My novel, No Story To Tell, is awash with conflicted, humorous, delightful, and sometimes darkly twisted characters. Writing down the travails, trials, and triumphs of these characters fascinated me. What possessed them to do the things they did? What possesses any of us to do the things we do? Creating these characters into their on-the-page selves was an exercise in layering back the veneer of outward action - or reactions - and digging deeper to find the reasons that birthed the behavior.
I was intrigued by all of the characters who arrived onto my page, but my utmost sense of wonder was reserved for Victoria, the novel's protagonist. Watching the events of Victoria's life unfold, I began to question where she had sprung from. In some ways, she was familiar to me, and in others, she was completely unknown. I began to trail back over the story of my own life to see what parts of her may have emerged from me.
I did not grow up surrounded by outwardly empowered women. My formative years were spent in a small town where traditional values and necessity were the glue that held marriages together. As with most things, there was some merit and positive influence to such an arrangement. There was also the obvious pitfall of marriages being held together when the couple (or most often, the woman) would be much better off apart.
Without realizing it, my silent-self observed these arrangements, and questioned the wisdom in them. Were these women weak, unable to leave simply because of the over-powering fear of going it alone? Or, was there something more going on? Some of these women did not strike me as weak. To the contrary, they were able, quick-minded, and courageous. It was a juxtaposition that never came clear to me.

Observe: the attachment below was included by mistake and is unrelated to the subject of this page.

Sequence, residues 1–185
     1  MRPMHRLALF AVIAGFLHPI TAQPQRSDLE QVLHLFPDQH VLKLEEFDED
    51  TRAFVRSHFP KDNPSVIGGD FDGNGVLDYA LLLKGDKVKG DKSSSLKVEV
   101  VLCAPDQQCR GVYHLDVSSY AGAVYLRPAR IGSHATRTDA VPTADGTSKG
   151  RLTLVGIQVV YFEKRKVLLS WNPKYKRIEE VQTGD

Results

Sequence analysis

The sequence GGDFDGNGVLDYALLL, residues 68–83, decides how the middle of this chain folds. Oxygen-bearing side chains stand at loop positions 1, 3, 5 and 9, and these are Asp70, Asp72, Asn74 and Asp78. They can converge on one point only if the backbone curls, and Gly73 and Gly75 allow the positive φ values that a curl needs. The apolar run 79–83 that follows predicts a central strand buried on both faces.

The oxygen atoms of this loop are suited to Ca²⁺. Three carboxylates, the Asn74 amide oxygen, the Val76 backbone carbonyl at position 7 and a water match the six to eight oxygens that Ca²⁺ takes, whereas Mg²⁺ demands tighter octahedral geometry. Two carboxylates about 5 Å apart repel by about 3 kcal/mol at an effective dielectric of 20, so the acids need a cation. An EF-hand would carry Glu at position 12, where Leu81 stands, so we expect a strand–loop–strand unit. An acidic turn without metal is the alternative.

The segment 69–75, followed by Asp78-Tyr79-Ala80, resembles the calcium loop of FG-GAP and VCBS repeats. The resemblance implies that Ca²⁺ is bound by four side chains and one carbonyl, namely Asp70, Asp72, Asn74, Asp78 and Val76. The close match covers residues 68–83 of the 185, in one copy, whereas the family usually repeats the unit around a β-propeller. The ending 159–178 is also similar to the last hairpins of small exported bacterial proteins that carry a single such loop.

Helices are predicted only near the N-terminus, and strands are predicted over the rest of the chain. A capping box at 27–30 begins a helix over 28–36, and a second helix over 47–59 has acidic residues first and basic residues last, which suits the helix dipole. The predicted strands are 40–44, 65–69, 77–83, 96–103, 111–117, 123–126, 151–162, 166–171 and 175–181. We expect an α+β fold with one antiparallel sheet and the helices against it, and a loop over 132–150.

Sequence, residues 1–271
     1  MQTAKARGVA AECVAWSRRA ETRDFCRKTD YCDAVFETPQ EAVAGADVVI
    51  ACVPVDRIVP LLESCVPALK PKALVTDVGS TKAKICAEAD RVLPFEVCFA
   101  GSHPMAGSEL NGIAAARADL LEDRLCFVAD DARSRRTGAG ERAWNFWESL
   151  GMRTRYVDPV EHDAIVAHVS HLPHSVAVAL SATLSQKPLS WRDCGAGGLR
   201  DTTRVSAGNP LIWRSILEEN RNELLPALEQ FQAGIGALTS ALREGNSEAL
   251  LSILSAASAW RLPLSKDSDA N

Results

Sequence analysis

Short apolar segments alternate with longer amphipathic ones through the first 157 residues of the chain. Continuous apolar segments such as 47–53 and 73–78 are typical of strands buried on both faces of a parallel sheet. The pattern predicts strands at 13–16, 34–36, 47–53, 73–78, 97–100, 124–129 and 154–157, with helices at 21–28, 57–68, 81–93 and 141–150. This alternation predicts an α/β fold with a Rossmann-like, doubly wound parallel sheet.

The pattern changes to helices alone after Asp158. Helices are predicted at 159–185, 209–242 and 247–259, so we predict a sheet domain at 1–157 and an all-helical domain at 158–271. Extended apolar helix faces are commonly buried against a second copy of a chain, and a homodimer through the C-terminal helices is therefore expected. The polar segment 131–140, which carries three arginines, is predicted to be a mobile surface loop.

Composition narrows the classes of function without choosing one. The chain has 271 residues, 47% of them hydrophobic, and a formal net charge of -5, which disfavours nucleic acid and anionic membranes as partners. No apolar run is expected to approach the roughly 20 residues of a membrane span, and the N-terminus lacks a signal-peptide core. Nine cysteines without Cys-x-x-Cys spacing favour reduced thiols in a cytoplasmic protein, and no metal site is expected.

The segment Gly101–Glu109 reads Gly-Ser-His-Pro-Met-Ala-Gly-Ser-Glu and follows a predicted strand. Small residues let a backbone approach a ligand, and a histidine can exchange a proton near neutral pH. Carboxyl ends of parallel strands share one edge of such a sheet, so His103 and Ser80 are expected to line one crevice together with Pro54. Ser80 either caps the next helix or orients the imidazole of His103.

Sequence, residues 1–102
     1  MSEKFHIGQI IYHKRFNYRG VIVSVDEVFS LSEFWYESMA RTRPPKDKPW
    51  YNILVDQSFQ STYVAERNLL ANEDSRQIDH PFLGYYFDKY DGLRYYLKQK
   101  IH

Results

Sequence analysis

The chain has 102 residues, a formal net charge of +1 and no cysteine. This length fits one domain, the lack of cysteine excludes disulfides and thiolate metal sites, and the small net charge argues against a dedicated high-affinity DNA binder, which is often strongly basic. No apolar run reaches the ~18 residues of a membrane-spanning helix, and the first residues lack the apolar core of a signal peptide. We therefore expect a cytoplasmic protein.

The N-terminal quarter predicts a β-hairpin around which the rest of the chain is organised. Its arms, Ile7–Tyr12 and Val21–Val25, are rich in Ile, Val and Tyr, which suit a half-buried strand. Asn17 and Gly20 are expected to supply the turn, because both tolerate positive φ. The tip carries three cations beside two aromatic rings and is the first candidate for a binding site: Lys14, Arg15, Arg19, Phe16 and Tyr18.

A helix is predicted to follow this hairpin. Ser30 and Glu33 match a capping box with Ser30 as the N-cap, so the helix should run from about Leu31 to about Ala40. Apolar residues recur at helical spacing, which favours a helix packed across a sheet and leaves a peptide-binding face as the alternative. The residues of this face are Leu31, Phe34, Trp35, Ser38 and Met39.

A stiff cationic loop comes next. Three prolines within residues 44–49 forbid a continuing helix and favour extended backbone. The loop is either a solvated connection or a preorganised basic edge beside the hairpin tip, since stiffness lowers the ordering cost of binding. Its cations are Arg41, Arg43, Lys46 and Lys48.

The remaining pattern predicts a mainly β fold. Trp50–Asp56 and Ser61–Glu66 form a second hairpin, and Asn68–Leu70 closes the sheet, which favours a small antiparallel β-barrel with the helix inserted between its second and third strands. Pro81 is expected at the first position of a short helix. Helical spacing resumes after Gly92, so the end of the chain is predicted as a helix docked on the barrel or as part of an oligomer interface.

When Victoria began to pencil herself into my life, I realized that I was now ready to learn of the deep complexity of the human spirit. And even more accurately - the maternal spirit. As I delved ever deeper into the character of Victoria, an interesting truth began to reveal itself to me. A truth that caused me to look back at certain ones of those seemingly disempowered women of long ago, and see them in a new light.
The truth that had emerged through the entrance of Victoria into my life was - that sometimes within our greatest weakness, lies our greatest strength. It was a profound discovery for me. The sort of paradigm-shifter
that causes a person to rethink their view of the world around them. For me, I was able to look back at those seemingly disempowered women who were the canvas of my youth, and see a different possibility in the choices they made. And, even now, I do not look at people with the same judgements. I am encouraged by that truth to look deeper. To allow for the fact that within those weaknesses presented to the world, lies the possibility of tremendous strength.
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